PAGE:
Visuals and Audio

I guess this is where we go over all of the changes with all three titles in the collection, but there isn’t a ton to really speak of. A smooth coat of polish has been applied to the character models themselves – allowing for more fluid animations in a 1080p world. Now, I did have some visual hiccups on these models from time to time that I did not remember in the original versions, but these little hiccups mainly just hurt the faces of characters (only noticeable in Assassin’s Creed II) and not the actual gameplay.

The other thing to note is that a lot of the art in the games that once looked scrambled is more vivid and detailed. Sure, you will not notice it right away, but the improvement is there and definitely pushes the last two titles into the next gen, even though the push is slight. Lighting and other environmental changes have also occurred, but again – these adjustments are minor and may be a bit hard to pick up without a side by side perspective.

assassins-creed-the-ezio-collection-screenshot-03Audio wise, these three titles seem to be exactly as they were. The voice acting is still very well done and the soundtrack is also fitting and atmospheric for our hero. As good as the voice acting is, the animations do miss a beat from time to time, but I kind of chalk that up to the age of all three titles, as well as the fact that it probably wouldn’t be valuable to re-animate for titles that are now over five years old. Should Ubisoft have ironed this out? Yes, this game is full retail release and if there is no excuse the first time around for modern titles, a sixty dollar trio should certainly pull up its pants and try to put on the best show possible.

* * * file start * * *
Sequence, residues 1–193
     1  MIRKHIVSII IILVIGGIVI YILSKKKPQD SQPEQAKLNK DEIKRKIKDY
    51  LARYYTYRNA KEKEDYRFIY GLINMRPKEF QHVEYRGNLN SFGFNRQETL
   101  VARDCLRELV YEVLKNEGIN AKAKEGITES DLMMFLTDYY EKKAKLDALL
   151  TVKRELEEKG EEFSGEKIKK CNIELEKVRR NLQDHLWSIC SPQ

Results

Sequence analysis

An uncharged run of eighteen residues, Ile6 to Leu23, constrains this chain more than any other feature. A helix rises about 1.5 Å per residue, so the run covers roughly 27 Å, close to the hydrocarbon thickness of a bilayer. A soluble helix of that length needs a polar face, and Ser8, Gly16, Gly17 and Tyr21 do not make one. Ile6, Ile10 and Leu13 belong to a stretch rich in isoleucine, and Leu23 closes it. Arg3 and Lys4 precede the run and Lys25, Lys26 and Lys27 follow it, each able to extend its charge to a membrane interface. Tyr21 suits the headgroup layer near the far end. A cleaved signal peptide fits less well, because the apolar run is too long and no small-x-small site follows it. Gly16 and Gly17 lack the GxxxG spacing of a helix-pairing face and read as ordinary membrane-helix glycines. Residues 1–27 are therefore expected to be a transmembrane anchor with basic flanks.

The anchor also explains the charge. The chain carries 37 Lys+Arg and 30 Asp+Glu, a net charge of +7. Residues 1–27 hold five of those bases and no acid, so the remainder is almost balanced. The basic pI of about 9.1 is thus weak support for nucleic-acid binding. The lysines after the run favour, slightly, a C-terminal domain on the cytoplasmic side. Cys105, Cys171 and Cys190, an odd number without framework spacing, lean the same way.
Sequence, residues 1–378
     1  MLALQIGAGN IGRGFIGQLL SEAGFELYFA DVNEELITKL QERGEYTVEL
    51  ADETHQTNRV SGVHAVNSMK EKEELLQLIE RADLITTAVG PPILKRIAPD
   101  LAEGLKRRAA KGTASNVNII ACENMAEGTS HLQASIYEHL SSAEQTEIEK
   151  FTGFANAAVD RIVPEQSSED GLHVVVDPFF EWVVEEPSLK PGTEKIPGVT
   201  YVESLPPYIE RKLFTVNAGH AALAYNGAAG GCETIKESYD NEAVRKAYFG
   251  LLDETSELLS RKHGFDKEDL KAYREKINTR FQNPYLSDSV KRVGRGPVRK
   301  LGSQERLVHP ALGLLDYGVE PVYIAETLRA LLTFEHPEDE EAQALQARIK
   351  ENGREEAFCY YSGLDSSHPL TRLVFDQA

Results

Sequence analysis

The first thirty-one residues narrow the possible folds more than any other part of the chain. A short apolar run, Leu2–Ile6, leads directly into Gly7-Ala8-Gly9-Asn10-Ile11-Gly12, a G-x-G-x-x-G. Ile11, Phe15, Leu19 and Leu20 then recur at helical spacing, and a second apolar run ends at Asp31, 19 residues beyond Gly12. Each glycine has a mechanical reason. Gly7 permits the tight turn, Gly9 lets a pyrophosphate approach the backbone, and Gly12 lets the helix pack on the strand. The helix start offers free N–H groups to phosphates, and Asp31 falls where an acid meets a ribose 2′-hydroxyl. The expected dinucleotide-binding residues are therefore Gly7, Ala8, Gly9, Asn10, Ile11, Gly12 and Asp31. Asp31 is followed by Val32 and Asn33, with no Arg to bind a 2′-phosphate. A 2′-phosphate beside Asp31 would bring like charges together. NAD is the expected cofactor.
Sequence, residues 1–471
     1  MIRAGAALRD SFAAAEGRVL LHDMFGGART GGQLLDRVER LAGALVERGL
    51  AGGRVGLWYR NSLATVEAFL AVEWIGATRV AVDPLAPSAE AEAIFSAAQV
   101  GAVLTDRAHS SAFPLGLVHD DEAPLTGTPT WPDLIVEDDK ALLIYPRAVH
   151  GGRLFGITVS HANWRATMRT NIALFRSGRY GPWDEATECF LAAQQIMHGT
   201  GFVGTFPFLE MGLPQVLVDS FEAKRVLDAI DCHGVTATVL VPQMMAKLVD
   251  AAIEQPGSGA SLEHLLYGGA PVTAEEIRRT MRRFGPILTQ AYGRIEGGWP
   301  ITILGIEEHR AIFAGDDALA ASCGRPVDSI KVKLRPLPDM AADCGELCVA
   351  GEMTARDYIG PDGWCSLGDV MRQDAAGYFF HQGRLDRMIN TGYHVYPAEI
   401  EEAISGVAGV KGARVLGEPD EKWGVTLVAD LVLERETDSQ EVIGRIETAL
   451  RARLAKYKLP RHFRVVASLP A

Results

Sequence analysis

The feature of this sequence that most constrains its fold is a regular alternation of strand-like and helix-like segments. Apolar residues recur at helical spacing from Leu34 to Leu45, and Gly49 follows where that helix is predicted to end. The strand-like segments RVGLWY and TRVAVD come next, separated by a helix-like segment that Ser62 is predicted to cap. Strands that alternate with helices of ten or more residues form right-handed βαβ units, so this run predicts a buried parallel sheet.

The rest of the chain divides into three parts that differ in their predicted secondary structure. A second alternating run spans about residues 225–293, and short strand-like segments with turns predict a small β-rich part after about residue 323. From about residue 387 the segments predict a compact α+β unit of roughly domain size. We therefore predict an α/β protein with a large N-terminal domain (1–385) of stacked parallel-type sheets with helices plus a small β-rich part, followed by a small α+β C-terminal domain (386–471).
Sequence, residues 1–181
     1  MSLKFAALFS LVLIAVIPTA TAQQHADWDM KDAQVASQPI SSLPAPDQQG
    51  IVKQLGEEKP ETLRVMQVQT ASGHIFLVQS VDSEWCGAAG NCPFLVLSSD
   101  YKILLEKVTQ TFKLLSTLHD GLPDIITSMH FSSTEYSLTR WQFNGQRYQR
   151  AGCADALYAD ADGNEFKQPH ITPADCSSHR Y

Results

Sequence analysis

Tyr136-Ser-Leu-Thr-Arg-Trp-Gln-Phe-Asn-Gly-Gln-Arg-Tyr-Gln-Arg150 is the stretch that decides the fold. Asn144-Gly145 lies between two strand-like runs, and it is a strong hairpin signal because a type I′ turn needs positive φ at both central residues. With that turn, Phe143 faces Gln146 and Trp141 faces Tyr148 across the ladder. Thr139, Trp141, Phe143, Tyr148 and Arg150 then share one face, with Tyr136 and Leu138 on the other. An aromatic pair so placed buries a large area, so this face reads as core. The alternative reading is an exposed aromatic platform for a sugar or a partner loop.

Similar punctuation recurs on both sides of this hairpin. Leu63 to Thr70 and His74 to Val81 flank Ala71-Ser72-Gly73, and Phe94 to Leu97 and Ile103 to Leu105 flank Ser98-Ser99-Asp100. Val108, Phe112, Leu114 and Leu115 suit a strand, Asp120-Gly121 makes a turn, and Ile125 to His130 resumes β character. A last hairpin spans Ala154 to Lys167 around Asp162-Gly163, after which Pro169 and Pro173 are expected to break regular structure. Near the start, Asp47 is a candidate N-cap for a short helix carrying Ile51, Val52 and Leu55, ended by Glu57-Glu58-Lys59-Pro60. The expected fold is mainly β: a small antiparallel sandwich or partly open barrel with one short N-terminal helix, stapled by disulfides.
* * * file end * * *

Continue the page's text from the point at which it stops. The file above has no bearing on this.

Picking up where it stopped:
Assassin’s Creed: The Ezio Collection is what it is. What we have here is Ubisoft re-releasing the best of the franchise right before a holiday, on the same year that they take a break from sticking another new title on shelves. While the latter part of that is noble and shows growth, we don’t need to continually see games from last generation shined up and hit newer platforms when the availability for older platforms is still there. That said, there is a bit of fan service tied in and die-hards will want to have this collection sitting on their shelves for years to come – so to those, I say the world is yours with this package…again.


Ezio Returns to Retread History